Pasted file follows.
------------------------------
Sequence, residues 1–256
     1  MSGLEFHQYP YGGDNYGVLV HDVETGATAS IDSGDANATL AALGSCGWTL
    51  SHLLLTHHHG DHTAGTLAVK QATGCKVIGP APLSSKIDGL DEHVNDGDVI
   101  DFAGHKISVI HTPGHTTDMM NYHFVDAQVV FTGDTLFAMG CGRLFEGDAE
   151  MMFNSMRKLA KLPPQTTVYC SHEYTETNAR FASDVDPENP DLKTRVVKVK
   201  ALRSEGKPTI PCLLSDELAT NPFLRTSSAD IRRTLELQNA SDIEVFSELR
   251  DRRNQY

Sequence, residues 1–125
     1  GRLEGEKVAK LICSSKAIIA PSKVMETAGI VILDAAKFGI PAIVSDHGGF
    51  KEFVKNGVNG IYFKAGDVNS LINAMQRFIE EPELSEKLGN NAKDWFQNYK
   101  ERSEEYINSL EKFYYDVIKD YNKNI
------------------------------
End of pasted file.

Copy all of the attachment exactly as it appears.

Sequence, residues 1–256
     1  MSGLEFHQYP YGGDNYGVLV HDVETGATAS IDSGDANATL AALGSCGWTL
    51  SHLLLTHHHG DHTAGTLAVK QATGCKVIGP APLSSKIDGL DEHVNDGDVI
   101  DFAGHKISVI HTPGHTTDMM NYHFVDAQVV FTGDTLFAMG CGRLFEGDAE
   151  MMFNSMRKLA KLPPQTTVYC SHEYTETNAR FASDVDPENP DLKTRVVKVK
   201  ALRSEGKPTI PCLLSDELAT NPFLRTSSAD IRRTLELQNA SDIEVFSELR
   251  DRRNQY

Sequence, residues 1–125
     1  GRLEGEKVAK LICSSKAIIA PSKVMETAGI VILDAAKFGI PAIVSDHGGF
    51  KEFVKNGVNG IYFKAGDVNS LINAMQRFIE EPELSEKLGN NAKDWFQNYK
   101  ERSEEYINSL EKFYYDVIKD YNKNI